The Sri Lanka Church Bombings: The Saudi Pestilence Spreads

By |2019-04-24T23:09:25-05:00April 24th, 2019|Categories: Civilization, Joseph Mussomeli, Middle East, Muslim, Politics, Religion, Senior Contributors|

The history of Sri Lanka through the Fifties to the present time is a sobering reminder to those who fail to see that unrestrained democracy can lead to the tyranny of the majority and that robust diversity is as often a cause of friction and strife as it is a strength to be celebrated. [...]

Virgil on Furor

By |2019-04-23T23:58:11-05:00April 23rd, 2019|Categories: Aeneas, Imagination, Letters From Dante Series, Louis Markos, Senior Contributors, Virgil|

Furor is the rage in the blood that turns justice into revenge and war into slaughter. Furor is the all-consuming lust that privileges private obsession over public service. Furor is the unadulterated avarice that shatters oaths and smashes kingdoms. It is the incarnate enemy of civilization; where it reigns, there can only be dissolution. No [...]

Political Parties During the American Founding Era?

By |2019-04-25T10:48:28-05:00April 22nd, 2019|Categories: American Founding, American Republic, Bradley J. Birzer, History, Politics, Senior Contributors|

Contrary to the vast majority of my fellow scholars of American history, I have never found the account of the creation of political parties in the Founding Era and Early Republic to be credible. Admittedly, my position is one of an extremely small minority, so I do not mean to suggest that historians are ready [...]

The Wonders of the “Odyssey”

By |2019-04-22T13:49:44-05:00April 22nd, 2019|Categories: Classics, E.B., Eva Brann, Great Books, Homer, In Honor of Eva Brann at 90 Series, Odyssey, St. John's College|

The “Odyssey” is a wondrous poem. Joe Sachs’ Afterword to his translation is a thought-inducing meditation on wonder, on Homer’s imaginatively and artfully conceived wonders and on Homer’s people, who are—above all, Odysseus—open to wondering and to its ensuing wisdom… the Odyssey by Homer, translated by Joe Sachs (Paul Dry Books: Philadelphia 2014) Joe Sachs’ [...]

The Emptiness of the Coming Presidential Primaries

By |2019-04-21T22:16:39-05:00April 21st, 2019|Categories: Liberalism, Politics, Presidency, Senior Contributors|

Emptiness is defined negatively as the absence of something. It can involve structures which are not occupied or filled, as in empty bottles. Emptiness can refer to situations lacking reality, substance or meaning, as in empty pleasures. Actions can be empty when they have no consequences, as in empty gestures or threats. […]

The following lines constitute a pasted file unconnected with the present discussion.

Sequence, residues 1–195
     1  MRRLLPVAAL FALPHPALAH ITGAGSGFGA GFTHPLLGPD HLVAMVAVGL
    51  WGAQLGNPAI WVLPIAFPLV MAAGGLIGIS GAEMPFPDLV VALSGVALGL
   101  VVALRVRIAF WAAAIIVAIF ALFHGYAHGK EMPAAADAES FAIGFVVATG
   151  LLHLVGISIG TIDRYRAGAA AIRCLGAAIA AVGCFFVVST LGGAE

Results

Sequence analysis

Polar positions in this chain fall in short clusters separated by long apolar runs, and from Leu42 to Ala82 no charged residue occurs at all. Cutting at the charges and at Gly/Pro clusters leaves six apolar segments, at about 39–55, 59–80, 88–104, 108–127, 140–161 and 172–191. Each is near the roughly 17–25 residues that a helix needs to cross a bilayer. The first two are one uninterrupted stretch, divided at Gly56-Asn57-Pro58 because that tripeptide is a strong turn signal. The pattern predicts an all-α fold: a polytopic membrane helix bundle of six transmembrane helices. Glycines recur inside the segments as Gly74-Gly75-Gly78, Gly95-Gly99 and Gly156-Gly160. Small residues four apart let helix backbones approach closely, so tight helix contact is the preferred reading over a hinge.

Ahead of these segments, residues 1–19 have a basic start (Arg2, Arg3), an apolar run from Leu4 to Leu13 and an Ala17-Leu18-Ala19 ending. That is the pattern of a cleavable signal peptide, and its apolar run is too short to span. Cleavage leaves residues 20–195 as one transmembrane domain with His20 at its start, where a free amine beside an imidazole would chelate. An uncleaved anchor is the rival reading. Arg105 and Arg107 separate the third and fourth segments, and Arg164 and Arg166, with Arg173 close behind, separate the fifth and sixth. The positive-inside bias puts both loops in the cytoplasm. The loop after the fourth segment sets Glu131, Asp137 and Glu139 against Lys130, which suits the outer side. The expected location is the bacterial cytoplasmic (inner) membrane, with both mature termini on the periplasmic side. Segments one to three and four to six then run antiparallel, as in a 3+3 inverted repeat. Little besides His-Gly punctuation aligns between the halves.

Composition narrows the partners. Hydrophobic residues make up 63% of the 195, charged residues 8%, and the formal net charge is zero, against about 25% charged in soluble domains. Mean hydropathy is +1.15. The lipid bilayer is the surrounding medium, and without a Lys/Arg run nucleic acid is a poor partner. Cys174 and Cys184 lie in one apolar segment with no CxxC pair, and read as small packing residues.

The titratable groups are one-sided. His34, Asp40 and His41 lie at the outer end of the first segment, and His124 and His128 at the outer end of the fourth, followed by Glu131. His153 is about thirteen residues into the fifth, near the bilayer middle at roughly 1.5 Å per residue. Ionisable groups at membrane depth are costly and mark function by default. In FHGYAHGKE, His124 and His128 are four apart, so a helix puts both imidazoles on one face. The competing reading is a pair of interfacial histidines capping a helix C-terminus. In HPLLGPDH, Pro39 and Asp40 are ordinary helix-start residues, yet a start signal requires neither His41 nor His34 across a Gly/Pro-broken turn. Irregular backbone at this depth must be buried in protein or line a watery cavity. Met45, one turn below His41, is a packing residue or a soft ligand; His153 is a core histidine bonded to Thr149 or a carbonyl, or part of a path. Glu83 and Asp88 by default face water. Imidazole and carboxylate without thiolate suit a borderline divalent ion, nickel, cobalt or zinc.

A Tale of Two Resurrections

By |2019-04-21T00:06:15-05:00April 20th, 2019|Categories: Books, Charles Dickens, Christianity, Literature, Paul Krause, Senior Contributors|

Charles Dickens’ A Tale of Two Cities is a picturesque story that deliberately mirrors the most famous picturesque story of all time: the Biblical story, which culminates in Christ’s death and resurrection, and which in turn brings life back to a lifeless world. “With a roar that sounded as if all the breath in [...]

Good Friday, Good Bureaucrats, and the Good Roman

By |2019-04-19T11:08:10-05:00April 18th, 2019|Categories: Christianity, Joseph Mussomeli, Politics, Virtue|

On this Good Friday, as we ponder the suffering Christ endured, we should not forget the pivotal role of that good and decent bureaucrat Pilate in facilitating that crime. Nor forget the bureaucratic crimes committed daily on the sacrificial altars of obedience and expedience. Thus spoke Nietzsche: “Must I add that, in the whole [...]

John With Jesus: From Passover to the Garden of Gethsemane

By |2019-04-19T02:24:54-05:00April 17th, 2019|Categories: Barbara J. Elliott, Catholicism, Christianity, Gospel Reflection, Senior Contributors, Timeless Essays|

Today’s offering in our Timeless Essay series affords our readers the opportunity to join Barbara Elliott, as she portrays the events of the Last Supper to Jesus’ prayer in the Garden of Gethsemane from the perspective of the Apostle John. —W. Winston Elliott III, Publisher I went with Peter to make the arrangements for [...]

A Connecticut Yankee and the Failure of Progressivism

By |2019-04-15T23:19:15-05:00April 15th, 2019|Categories: Books, History, Literature, Mark Malvasi, Mark Twain, Modernity, Progressivism, Senior Contributors|

No writer so early recognized and so credibly exposed the dangerous inadequacies concealed in the Progressive world view than did Mark Twain in his sardonic novel A Connecticut Yankee in King Arthur’s Court. I. By 1912, the triumph of Progressivism was complete. Both Woodrow Wilson and Theodore Roosevelt had advertised themselves as Progressive candidates, [...]

“Paradise Lost”: Hidden Meanings?

By |2019-04-15T17:24:41-05:00April 15th, 2019|Categories: E.B., Eva Brann, Great Books, In Honor of Eva Brann at 90 Series, John Milton, Liberal Learning, St. John's College, Wisdom|

I keep having the sense that something is going on that runs right counter to the overt text of John Milton’s Paradise Lost. There seems to be a separate, opposed meaning. Should it be called a hidden agenda, a subtext? Milton’s Paradise Lost is a poem of such panoramic grandeur and such human acuteness [...]

Facebook Fascism and the Slippery Slope to Tyranny

By |2019-04-14T21:56:59-05:00April 14th, 2019|Categories: Fascism, Free Speech, Joseph Pearce, Modernity, Rights, Senior Contributors, Tyranny|

Following the recent attack on a mosque in New Zealand by a white supremacist terrorist, I was asked by a national TV network in the UK to appear on a live show to give my perspective as a former white supremacist. (I served two prison sentences for “inciting racial hatred” back in the 1980s.) [...]